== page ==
She was a rebel in the department and used to ignore the rules and make paintings and projects according to her own vision and techniques. What she learned she kept in her head and did not let it appear on canvas.

“I loved being a student at the Fine Arts Faculty. However, I always got C grades for my work, in fact, I didn’t care about my grades or how the professors perceived my work. Breaking the academic laws, especially in the still life classes, was my favourite way to express myself,” she said.

“For example, instead of a blank curtain in the background to my paintings, I drew geometrical icons, and instead of drawing a teapot, I depicted a weird being. In my first two years there, I used to commute from Dessouk to Alexandria by train, but in the third year I started to stay part time at a friend’s apartment in Alexandria. This nourished my passion for exploring homes and the way they are decorated. It gave me a sense of warmth.”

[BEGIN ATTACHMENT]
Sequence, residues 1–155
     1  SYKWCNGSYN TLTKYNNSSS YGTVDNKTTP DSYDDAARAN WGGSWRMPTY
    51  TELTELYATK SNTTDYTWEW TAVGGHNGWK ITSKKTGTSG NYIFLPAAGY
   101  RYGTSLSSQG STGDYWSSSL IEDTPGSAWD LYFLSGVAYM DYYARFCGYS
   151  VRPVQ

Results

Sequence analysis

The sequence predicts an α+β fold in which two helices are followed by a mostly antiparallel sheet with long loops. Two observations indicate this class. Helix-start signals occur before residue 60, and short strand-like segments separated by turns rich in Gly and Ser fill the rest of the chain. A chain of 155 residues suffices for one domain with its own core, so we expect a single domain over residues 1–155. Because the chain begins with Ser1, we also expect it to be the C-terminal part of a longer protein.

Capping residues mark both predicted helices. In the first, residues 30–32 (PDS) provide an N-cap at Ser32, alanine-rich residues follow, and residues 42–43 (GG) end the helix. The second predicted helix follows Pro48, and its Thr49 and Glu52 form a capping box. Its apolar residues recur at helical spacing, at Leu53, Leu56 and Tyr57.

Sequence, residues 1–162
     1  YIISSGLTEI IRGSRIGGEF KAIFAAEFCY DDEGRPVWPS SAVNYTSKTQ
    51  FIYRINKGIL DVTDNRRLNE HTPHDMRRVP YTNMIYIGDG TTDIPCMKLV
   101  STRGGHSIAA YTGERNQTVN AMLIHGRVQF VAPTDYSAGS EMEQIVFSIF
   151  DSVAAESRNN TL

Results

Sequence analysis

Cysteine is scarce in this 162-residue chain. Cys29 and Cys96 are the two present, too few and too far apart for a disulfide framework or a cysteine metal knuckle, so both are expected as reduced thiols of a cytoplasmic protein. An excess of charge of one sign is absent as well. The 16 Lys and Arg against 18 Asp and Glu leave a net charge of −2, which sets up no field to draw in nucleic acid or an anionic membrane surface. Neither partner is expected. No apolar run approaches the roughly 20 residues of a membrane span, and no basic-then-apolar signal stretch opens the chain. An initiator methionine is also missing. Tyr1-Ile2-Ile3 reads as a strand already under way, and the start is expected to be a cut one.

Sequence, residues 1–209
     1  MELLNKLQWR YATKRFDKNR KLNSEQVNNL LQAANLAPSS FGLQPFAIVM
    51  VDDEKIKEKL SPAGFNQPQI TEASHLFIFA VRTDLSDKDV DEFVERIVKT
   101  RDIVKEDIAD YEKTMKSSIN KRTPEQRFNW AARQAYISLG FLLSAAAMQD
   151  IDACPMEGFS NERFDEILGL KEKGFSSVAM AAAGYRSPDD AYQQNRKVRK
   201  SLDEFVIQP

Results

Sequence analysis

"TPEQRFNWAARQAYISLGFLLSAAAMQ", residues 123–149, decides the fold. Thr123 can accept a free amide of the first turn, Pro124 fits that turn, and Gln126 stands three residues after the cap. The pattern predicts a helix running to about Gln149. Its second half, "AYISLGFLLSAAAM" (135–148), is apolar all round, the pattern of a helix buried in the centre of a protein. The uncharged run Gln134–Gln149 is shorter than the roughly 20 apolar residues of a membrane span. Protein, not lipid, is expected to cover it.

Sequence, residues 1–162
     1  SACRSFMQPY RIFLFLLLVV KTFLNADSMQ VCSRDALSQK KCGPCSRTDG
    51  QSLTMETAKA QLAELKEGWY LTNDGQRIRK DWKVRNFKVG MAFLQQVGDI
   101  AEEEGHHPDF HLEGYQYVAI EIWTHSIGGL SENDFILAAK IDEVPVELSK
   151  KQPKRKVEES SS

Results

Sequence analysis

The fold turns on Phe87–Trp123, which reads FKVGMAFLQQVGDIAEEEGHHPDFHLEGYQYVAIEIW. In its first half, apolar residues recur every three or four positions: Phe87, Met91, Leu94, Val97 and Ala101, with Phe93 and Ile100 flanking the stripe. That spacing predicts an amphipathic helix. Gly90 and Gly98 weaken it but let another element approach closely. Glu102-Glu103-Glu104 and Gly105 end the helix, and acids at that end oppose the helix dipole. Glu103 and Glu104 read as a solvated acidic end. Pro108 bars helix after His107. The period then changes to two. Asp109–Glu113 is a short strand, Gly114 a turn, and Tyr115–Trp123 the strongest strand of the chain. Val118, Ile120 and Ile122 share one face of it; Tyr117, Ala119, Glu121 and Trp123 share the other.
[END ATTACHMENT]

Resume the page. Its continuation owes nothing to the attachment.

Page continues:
“When I was a student, I was also an activist and participated in student demonstrations in the 1972 sit-ins. By engaging myself in the world of politics, my character dramatically changed. Revolutionary ideas invaded my mind. Though I never joined any political party, I was convinced by the concept of justice, and I believe that justice is the motive for any revolution and the quest for freedom.”

“After my graduation in 1973, I felt that I didn’t want to go back to Dessouk, and I didn’t want to relive that kind of traditional life.”

Shortly after her graduation, Ashamallah moved to Cairo to work as a journalist at the magazine Rose Al-Youssef, which allowed her to make use of her creative writing talent. “The first salary I got was LE5 for an article,” she commented.

 She remembers working with writers Abdallah Imam and Mustafa Al-Husseini, but on the whole she does not have good memories of her time as a journalist. After a couple of years, she was appointed as a visual artist in the Cultural Palaces Administration affiliated to the Ministry of Culture.

“It was routine work, but it was the only way for me to earn a living in Cairo, and it gave me the liberty and the space to practise art,” she said. Ashamallah then continued her career in different positions at the Ministry of Culture. She served as the director of the Egyptian Modern Art Museum from 2000 to 2002, after which she has dedicated her time to her art.